So, I emailed the embassy and asked them to confirm for me if Tunisia was indeed visa-free for Indians now. No reply for a week. Sent them another email. STILL NO REPLY.
I was almost ready to give up, when I thought of twitter. I tweeted Tunisiatourism, DiscoverTUN and the Indian embassy in Tunisia to confirm this. And shortly afterwards, I received a couple of replies informing me that it was indeed visa-on-arrival for Indians in Tunisia now!
I just needed the following documents for a 30-day visa on arrival:
- A return flight ticket.
- Proof of accommodation
- Sufficient funds, if asked about it.
And I was sold. I booked my flights to Tunis, and decided to see for myself how this turns out.
The Flight to Tunis.
It was when boarding the flight that I realised this may not be a very common way to travel to Tunisia. I boarded from Muscat – because I had a few days in Oman prior to Tunisia – on a Qatar Airways flight that would transit through Doha. At the check-in counter, the airline officials asked me for my Tunisia visa. It was visa-on-arrival, I told them. They weren’t convinced and had to make a couple of calls to confirm.
Finally, a supervisor spoke to me and asked me to confirm this. I had to login to the Tunisian embassy website and show him the details. He made a couple more phone calls.
And then, he let me through. I was on my way to Doha for a quick transit, and then towards Tunis!
Further Reading: If you have a transit in Qatar’s Doha airport, here is my list of 8 awesome FREE things to do at the Hamad International Airport.
The Immigration in Tunis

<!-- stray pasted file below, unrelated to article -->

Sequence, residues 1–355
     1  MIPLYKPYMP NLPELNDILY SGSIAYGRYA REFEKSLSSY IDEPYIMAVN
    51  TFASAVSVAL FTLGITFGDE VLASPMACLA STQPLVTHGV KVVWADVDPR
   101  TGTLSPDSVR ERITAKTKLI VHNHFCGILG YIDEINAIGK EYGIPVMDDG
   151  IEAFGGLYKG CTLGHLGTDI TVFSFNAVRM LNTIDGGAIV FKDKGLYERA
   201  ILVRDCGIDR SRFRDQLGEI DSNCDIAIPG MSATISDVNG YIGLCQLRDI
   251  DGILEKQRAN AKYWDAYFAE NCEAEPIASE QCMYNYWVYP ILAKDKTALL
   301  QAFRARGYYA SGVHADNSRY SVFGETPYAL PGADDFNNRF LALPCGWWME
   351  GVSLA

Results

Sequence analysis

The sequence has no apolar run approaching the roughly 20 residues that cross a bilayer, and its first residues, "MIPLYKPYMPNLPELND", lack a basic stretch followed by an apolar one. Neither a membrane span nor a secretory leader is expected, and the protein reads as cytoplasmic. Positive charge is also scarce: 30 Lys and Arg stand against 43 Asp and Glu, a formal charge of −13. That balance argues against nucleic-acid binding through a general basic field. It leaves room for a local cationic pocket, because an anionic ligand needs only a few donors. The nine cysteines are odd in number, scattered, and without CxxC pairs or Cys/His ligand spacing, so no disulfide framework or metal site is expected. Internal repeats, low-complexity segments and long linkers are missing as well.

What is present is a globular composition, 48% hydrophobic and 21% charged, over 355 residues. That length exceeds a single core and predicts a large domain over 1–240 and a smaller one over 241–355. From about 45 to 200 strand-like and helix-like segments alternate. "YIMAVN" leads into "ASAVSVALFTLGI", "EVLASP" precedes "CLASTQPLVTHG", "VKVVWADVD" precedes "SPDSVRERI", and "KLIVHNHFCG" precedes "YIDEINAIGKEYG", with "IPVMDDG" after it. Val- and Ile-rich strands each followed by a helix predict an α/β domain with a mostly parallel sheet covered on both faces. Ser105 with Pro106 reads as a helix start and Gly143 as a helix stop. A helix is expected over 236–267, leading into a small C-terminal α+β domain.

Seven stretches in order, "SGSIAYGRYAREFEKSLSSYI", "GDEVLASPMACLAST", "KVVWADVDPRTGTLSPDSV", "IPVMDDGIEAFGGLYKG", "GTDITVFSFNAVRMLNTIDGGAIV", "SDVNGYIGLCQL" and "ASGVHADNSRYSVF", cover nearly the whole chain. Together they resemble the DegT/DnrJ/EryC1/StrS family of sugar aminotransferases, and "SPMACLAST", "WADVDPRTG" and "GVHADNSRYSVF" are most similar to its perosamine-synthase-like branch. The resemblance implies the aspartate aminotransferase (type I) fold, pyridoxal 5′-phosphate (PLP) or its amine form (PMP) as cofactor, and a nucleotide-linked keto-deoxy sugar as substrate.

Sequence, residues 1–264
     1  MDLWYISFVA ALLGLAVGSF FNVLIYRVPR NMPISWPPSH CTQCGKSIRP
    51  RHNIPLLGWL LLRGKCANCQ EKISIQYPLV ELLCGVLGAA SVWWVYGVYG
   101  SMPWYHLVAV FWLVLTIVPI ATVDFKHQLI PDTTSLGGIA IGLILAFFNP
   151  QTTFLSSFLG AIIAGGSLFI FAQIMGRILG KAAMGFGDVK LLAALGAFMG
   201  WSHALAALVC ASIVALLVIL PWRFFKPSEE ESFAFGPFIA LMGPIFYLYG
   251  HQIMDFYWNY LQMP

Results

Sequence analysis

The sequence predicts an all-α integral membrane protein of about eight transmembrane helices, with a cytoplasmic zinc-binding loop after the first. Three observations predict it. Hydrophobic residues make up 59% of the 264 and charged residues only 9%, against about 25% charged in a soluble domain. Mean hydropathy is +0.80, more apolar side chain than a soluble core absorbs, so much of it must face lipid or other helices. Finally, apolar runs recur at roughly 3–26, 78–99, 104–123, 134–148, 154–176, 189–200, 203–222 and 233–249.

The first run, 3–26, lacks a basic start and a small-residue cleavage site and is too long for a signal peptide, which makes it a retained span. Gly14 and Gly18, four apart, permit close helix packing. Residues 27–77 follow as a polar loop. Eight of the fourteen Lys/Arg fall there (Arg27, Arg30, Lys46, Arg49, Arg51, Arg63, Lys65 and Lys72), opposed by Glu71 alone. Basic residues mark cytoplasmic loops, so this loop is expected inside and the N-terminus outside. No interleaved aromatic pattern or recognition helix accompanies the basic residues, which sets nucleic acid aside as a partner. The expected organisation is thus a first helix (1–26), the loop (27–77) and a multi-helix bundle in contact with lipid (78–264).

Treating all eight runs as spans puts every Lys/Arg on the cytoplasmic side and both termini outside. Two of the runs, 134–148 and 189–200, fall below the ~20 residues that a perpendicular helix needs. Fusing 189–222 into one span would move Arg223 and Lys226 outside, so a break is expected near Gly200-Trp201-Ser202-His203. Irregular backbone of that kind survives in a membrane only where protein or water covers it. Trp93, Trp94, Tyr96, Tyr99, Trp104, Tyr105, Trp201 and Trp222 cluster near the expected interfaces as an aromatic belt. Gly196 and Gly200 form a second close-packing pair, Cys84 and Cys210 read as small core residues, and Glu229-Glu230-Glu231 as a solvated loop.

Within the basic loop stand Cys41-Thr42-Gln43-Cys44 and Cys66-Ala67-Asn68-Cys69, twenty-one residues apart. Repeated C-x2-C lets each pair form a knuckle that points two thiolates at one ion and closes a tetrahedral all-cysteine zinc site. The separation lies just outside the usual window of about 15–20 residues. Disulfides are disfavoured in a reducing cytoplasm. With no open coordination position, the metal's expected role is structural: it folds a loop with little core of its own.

I landed in Tunisia’s Carthage international airport around noon, and noticed that the crowd was entirely Arab or white. Not a single Indian or South Asian tourist anywhere in the airport. I stood in line at the immigration, holding a copy of all my documents, onward flights, the multiple hostel/hotel bookings that I had (I was travelling around Tunisia for a month.). I had taken the pain of printing out all of these when I was in Oman.
When I came face to face with the immigration officer, I gave him my passport and started to pull out my documents. He asked me when I was leaving Tunisia, and I told him my flight date. While I was getting ready to give him my flight ticket and other documents, he stamped my passport with a neat Tunisian entry stamp, returned me the passport, and said to the next guy in queue: “NEXT”
That’s it?! All my worries turned out to be for nothing, as the Tunisia immigration turned out to be really friendly and easy.
Now, it was time to explore Tunisia. Stay tuned for the other posts from this remarkable country.
Further Reading: I love visiting countries which recently changed the visa requirements for Indians. Click here for my experience of trying out the Visa on Arrival for Indians in Ukraine.
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This post is part of my travel stories about Visas. Click here to check out my other visa and transit stories.